Lecture 3:Basic Computer Graphics Brad Myers 05-830Advanced User Interface Software
Why? • To draw application-specific graphical objects • Lines, rectangles, text • Mac, Windows, X have approximately the same model • There are some complexities that are worth looking at
Coordinates for Drawing • Origin • Typically 0,0 in top left • Comes from text handling and raster scan • Java 2D allows customization • Different from conventional axes • Coordinates of pixels: • Center of pixel? • Corner of pixel? • Matters for lines
Issue: Window Coordinates • Where is 0,0 with respect to the window’s inside or outside border? • CreateWindow (10, 10, 100, 100) • Inside or outside? • Different for point vs. W/H? • Size of border?
Drawing Primitives • Drawing Objects: • P1 and P2 or P1 and W/H? • void graphics.drawRect(int x, int y, int width, int height)Draws the outline of the specified rectangle. (also fillRect) • Inclusive or exclusive? • Which pixels are turned on for DrawRectangle (2,2, 8,8)? • Suppose you draw another rectangle next to it? • Suppose draw filled and outline rectangle with the same coordinates? • What about for ellipse?
Primitives, 2 • DrawLine has similar concerns • Thick lines often go to both sides of the coordinates • drawPolyline takes a sequence of points • Endpoints of each segment drawn? • Last end-point drawn? • Closed vs. open; may draw first point twice
Draw Function • Replace (COPY) • XOR • And, OR, NOT, etc. • Makes it important to do the points only once • Anything XOR BLACK = inverted anything, XOR again and get original: • AND useful for making holes • Doesn’t work well in color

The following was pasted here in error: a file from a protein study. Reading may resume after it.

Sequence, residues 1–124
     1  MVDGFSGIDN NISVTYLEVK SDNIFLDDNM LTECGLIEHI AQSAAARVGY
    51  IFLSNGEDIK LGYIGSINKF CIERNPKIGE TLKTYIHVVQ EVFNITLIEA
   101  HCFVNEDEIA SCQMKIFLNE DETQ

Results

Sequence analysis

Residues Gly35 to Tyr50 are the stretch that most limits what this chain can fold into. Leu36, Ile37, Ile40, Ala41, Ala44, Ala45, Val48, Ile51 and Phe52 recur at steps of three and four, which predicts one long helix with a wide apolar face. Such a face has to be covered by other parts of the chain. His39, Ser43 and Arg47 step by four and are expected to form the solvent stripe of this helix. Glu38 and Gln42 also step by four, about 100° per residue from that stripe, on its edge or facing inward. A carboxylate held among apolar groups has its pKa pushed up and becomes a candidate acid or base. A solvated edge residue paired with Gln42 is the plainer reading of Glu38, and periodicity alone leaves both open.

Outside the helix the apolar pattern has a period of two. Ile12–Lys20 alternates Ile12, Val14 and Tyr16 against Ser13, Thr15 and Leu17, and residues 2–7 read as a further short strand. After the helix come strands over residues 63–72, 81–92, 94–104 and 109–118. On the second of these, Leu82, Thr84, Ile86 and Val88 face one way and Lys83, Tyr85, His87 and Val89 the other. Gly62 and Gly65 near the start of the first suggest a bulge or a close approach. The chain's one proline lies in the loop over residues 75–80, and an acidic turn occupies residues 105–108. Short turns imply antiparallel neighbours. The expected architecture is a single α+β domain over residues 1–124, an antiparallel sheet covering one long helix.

RasterOp (BitBlt, CopyArea) • Copy an area of the screengraphics.copyArea(int x, int y, int width, int height, int dx, int dy)Copies an area of the component by a distance specified by dx and dy. • Often combine with destination using Boolean combinations • Useful for moving, scrolling, erasing & filling rectangles, etc. • SmallTalk investigated using it for rotate, scaling, etc. • Not nearly as useful in color
Double Buffering • Save an extra picture offscreen • Smoother animations • Save hidden parts of windows • = “Backing store” • Use two buffers for special effects, faster refresh • “Save-under” for pop-ups
Line Properties • LineStyles • Width • Solid, dashed 111000111000111000, "double-dashed", patterned • Cap-style: butt, round, projecting (by 1/2 linewidth):
Polylines • End-caps: miter, round, bevel: • Miter = point, up to 11 degrees • Round = circle of the line width • Bevel = fill in notch with straight line • Filled, what parts? • “Winding rule” • (non-zero) • “Odd parity rule” • (even-odd)
Java2D Path Model • Others (AWT) draw by drawing shapes (drawRect, etc.) • Java2D: Define a path first, then draw it • Also used in Macintosh, Postscript • g2.setStroke(dashed); g2.draw(new RoundRectangle2D.Double(x, y, rectWidth, rectHeight, 10, 10)); • Can create a GeneralPath and add moveTo, lineTo’s, curveTo (etc.) to it, and then call draw.
Splines • Curves defined by “cubic” equation • x(t) = axt3 + bxt2 + cxt + dxy(t) = ayt3 + byt2 + cyt + dy • Well-defined techniques from graphics (not covered here – see Foley&vanDam) • Defined to go through the “control” pointscurveTo(float x1, float y1, float x2, float y2, float x3, float y3)Adds a curved segment, defined by three new points, to the path by drawing a Bézier curve that intersects both the current coordinates and the coordinates (x3, y3), using the specified points (x1, y1) and (x2, y2) as Bézier control points.